"We, both men and women alike, have been bred to believe that a thin or muscled body will also win us love, acceptance, respect, and social status while a body in and of itself can do none of those things. What it can do is hug our loved ones, climb mountains, lift heavy things, pet our animals, hold hands, make music, make babies, make art, tell stories. A body can do all of those things regardless of its size."
The essay that you are about to read, needs to be read. It needs to be read by EVERYONE. Not just women. Not just parents. Not just addicts. Not just people with diagnosed eating disorders. Not just people with undiagnosed eating disorders. EVERYONE. Because even if you are not struggling with any of the issues brought to the forefront in this essay, you know someone (perhaps unbeknownst to you) that is.
Kate's essay was a late submission to the SA Essay Contest. Never have the words, "Better late than never" been truer. This essay is a reminder of the destructive cycle of self-loathing that can be centered around body image issues in all types of individuals. Our society continues to perpetuate an image that shames "bigness" and harms men and women, young and old alike. Kate's essay is also a reminder that you never know the pain that an individual is hiding behind a smile. I never knew an ounce of this information until she shared it in this essay. Be kind. Be supportive. Give folks the benefit of the doubt.
The fact that Kate credits Shoreline Athletics with any part of her metamorphosis is beyond gratifying. If, in the eight years that we have had our doors open, THIS was the only feedback that I EVER received as a business owner/coach, it would be payment enough.
So, thank you Kate. Thank you for sharing this story that I am confident will spread beyond the doors of Shoreline Athletics to help someone who is involved in this struggle.
This is my story, but it is not an uncommon story. It’s the story of everyone who struggles with acceptance of their body on account of the fact that we live in a culture that is afraid of bigness.
Summer 2012. I was 25 and living like a superhero with a death wish. By this point, I had already been battling eating disorders varying in type for ten years. Dieting had been my drug of choice from a young age and being in control of food was a high for me. Food was always there; always a variable available for obsessive compulsive manipulation. Even after experimenting with alcohol and many types of recreational drugs, the high I got from micromanaging my food intake was my real addiction. To be in control of my food and my body meant being in control of my life, being in control of how other people thought about me--whether I felt accepted and loved. And then there was always the inevitable loss of control. This was another high. The release that followed the white-knuckling. Hanging on so tightly to a rigid diet, to an idea of perfection, to a number on the scale, to minutes of cardio. It makes one so very exhausted and there is always the inescapable fall into the abyss of a binge and eating everything. Everything.
In the summer of 2012, I was playing in a band that performed every Friday at a local bar. I drank for free and I drank like the world was ending. I drank and smoked and got high all weekend, then dieted all week, fitting in cardio workouts at the local YMCA on weeknights after work all in an attempt to make myself smaller. My thoughts for the previous 10 years had been dominated by this one belief: if I were smaller my life would be better. I was miserable.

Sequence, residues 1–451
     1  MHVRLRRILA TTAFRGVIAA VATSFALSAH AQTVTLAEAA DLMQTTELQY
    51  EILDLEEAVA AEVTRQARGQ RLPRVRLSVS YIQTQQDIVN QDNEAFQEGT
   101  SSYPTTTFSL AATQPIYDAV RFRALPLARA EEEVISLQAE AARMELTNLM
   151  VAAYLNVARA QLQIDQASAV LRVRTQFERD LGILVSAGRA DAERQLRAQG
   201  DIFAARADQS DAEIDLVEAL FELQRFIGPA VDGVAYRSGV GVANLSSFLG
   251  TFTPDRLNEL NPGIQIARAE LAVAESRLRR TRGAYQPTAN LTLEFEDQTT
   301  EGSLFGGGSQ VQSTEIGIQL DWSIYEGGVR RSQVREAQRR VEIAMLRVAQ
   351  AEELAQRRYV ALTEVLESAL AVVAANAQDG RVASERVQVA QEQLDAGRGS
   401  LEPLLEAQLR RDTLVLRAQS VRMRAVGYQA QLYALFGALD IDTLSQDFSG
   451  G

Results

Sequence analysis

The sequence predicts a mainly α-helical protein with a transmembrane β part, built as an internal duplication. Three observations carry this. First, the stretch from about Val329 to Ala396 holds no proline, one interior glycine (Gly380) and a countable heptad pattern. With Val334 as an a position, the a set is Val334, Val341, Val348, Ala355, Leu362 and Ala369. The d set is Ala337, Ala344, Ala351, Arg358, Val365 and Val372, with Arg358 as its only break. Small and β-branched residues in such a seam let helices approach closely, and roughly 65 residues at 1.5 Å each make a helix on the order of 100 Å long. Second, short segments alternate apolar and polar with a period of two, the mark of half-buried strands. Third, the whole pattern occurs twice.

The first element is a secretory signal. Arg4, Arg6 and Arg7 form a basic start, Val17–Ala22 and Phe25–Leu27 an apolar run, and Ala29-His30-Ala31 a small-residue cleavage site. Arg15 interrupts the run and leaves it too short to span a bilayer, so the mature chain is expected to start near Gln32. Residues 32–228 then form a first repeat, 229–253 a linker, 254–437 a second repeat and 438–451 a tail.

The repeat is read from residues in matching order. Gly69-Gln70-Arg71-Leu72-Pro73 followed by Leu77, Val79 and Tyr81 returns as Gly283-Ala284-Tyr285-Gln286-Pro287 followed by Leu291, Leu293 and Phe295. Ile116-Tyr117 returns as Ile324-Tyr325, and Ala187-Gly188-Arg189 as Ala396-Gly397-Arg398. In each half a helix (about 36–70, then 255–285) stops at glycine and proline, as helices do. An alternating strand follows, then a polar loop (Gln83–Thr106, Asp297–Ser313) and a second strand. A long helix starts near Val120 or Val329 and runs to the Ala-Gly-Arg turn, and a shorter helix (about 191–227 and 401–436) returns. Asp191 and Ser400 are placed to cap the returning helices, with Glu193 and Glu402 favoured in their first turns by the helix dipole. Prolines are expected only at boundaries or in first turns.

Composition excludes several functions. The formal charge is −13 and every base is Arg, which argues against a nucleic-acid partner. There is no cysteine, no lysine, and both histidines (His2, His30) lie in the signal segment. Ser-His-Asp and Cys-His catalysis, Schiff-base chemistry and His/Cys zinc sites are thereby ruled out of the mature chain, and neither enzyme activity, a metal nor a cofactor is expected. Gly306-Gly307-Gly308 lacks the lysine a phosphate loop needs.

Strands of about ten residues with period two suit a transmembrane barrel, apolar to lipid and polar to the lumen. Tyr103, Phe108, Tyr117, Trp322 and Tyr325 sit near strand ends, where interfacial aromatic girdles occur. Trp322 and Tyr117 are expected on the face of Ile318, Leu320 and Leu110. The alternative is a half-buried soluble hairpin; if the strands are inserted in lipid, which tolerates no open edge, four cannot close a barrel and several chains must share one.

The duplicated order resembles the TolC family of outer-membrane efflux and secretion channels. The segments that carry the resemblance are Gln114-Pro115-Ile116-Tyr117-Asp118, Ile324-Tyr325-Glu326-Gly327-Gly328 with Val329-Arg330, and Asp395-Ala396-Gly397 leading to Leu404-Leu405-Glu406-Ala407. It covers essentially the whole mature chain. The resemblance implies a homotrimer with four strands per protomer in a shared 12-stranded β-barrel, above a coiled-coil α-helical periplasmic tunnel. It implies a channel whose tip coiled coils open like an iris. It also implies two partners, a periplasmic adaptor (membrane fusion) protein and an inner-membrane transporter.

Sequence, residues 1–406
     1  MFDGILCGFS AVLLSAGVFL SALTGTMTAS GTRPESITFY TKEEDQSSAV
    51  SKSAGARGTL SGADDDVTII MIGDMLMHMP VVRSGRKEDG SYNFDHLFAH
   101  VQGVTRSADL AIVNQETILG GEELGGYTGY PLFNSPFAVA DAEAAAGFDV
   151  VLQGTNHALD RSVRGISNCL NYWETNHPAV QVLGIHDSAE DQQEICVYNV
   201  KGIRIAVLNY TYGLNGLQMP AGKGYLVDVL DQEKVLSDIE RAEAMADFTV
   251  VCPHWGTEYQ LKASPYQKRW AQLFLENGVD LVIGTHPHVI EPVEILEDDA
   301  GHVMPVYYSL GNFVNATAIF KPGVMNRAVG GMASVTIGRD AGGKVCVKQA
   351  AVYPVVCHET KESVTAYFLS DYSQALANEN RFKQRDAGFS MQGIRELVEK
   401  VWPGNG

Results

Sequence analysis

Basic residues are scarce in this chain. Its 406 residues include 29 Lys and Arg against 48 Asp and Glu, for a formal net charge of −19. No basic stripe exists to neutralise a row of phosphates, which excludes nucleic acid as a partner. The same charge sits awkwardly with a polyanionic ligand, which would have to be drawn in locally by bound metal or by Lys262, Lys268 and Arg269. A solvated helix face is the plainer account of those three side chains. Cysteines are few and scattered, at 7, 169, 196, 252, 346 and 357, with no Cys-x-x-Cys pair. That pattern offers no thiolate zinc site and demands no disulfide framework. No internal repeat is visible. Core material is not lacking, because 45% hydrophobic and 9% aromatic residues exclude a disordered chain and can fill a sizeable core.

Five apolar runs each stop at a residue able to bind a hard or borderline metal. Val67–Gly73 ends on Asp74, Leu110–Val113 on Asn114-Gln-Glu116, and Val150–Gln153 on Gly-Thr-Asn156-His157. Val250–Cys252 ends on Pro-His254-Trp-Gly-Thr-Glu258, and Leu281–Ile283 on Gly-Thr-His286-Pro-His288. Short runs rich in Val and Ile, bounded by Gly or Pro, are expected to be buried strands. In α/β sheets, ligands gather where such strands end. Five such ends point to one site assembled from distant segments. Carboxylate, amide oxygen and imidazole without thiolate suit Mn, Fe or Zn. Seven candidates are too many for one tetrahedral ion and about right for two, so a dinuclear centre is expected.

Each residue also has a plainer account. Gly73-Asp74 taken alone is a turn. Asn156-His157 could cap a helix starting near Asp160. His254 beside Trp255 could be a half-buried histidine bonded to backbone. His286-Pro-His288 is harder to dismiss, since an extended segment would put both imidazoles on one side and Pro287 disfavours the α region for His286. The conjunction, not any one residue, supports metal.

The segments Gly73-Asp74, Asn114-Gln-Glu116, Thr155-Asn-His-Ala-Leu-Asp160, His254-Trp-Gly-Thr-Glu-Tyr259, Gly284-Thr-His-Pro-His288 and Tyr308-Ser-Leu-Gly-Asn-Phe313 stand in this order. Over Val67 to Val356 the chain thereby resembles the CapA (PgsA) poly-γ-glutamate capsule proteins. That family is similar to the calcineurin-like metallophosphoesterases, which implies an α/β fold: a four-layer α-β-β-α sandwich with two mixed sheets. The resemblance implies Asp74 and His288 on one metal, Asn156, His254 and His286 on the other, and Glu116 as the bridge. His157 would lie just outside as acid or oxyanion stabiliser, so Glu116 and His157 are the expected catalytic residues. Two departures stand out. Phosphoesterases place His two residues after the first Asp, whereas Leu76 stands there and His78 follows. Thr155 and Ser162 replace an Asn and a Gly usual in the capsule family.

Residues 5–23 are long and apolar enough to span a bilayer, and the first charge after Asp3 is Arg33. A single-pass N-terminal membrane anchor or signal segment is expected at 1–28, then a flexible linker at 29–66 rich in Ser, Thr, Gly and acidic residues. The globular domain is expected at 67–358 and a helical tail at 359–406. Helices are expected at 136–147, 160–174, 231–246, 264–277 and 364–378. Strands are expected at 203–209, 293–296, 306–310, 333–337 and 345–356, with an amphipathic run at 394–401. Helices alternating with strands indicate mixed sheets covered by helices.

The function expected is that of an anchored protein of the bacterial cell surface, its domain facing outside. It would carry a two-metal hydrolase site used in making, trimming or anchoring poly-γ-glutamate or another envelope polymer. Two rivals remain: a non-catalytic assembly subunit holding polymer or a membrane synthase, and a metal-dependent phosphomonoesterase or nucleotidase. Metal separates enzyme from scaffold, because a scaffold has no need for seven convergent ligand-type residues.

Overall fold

I could talk about what drove that belief, how I had learned it and internalized it, how so many young girls do. Again this is not an exceptional story and that is a very important point to make. This is my story, but it’s also the story of everyone who struggles with acceptance of their body on account of the fact that we live in a culture that is afraid of bigness. We, both men and women alike, have been bred to believe that a thin or muscled body will also win us love, acceptance, respect, and social status while a body in and of itself can do none of those things. What it can do is hug our loved ones, climb mountains, lift heavy things, pet our animals, hold hands, make music, make babies, make art, tell stories. A body can do all of those things regardless of its size. I digress.
From the ages of 15 to 25, everything in my consciousness revolved around the belief that the smaller I was the happier I would be. From the ages of 18 to 25, I would gain and subsequently lose approximately 50 pounds every year. At my heaviest, I was 210 lbs and at my lightest 130. When my body would intuitively revolt and I would binge after trying to eat less than 1000 calories a day, I would then throw up the extra food. Vomiting didn’t begin until 2010 when I was 23. At first it was only once or twice a week, but by the spring of 2013, I was binging and purging multiple times a day. By that time, my mind was a battlefield. I was constantly bargaining, shaming, and abusing myself and I hadn’t had a menstrual cycle in many months. I battled these demons while simultaneously trying to live the life of a “normal 20 something”, never thinking I was sick enough to need to get help because, like many who struggle with bulimia, I was not- what may be considered by medical standards- at an unhealthy weight. By the time I was 25, I had dropped out of college twice, moved in and out of my parents’ house innumerable times, had no close friends on account of the fact there was no room for relationships beside the one I had with my addiction. The longest I was able to hold a job had been about one year and both my mental and physical health were steadily deteriorating.